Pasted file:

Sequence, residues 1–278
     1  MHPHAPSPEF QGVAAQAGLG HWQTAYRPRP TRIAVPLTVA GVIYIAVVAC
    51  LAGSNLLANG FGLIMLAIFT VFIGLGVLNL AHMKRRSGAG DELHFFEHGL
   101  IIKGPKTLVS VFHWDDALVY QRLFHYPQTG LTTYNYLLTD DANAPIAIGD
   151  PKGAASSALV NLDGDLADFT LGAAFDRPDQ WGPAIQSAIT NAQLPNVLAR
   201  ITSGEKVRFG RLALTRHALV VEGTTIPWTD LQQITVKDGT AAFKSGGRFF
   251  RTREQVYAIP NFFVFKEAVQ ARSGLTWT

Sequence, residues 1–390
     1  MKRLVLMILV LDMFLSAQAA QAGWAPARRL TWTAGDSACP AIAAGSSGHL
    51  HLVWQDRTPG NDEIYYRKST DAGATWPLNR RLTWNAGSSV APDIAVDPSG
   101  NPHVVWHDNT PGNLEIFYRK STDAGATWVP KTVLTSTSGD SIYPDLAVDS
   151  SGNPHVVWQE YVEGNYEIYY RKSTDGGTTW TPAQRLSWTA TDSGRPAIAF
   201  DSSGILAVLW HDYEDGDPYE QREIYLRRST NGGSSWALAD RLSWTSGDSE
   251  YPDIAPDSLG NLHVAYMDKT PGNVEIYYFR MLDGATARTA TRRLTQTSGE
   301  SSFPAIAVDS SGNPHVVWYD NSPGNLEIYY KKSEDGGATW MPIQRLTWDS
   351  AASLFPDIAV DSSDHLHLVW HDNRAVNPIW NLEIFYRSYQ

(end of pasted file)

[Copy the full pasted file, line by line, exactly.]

Sequence, residues 1–278
     1  MHPHAPSPEF QGVAAQAGLG HWQTAYRPRP TRIAVPLTVA GVIYIAVVAC
    51  LAGSNLLANG FGLIMLAIFT VFIGLGVLNL AHMKRRSGAG DELHFFEHGL
   101  IIKGPKTLVS VFHWDDALVY QRLFHYPQTG LTTYNYLLTD DANAPIAIGD
   151  PKGAASSALV NLDGDLADFT LGAAFDRPDQ WGPAIQSAIT NAQLPNVLAR
   201  ITSGEKVRFG RLALTRHALV VEGTTIPWTD LQQITVKDGT AAFKSGGRFF
   251  RTREQVYAIP NFFVFKEAVQ ARSGLTWT

Sequence, residues 1–390
     1  MKRLVLMILV LDMFLSAQAA QAGWAPARRL TWTAGDSACP AIAAGSSGHL
    51  HLVWQDRTPG NDEIYYRKST DAGATWPLNR RLTWNAGSSV APDIAVDPSG
   101  NPHVVWHDNT PGNLEIFYRK STDAGATWVP KTVLTSTSGD SIYPDLAVDS
   151  SGNPHVVWQE YVEGNYEIYY RKSTDGGTTW TPAQRLSWTA TDSGRPAIAF
   201  DSSGILAVLW HDYEDGDPYE QREIYLRRST NGGSSWALAD RLSWTSGDSE
   251  YPDIAPDSLG NLHVAYMDKT PGNVEIYYFR MLDGATARTA TRRLTQTSGE
   301  SSFPAIAVDS SGNPHVVWYD NSPGNLEIYY KKSEDGGATW MPIQRLTWDS
   351  AASLFPDIAV DSSDHLHLVW HDNRAVNPIW NLEIFYRSYQ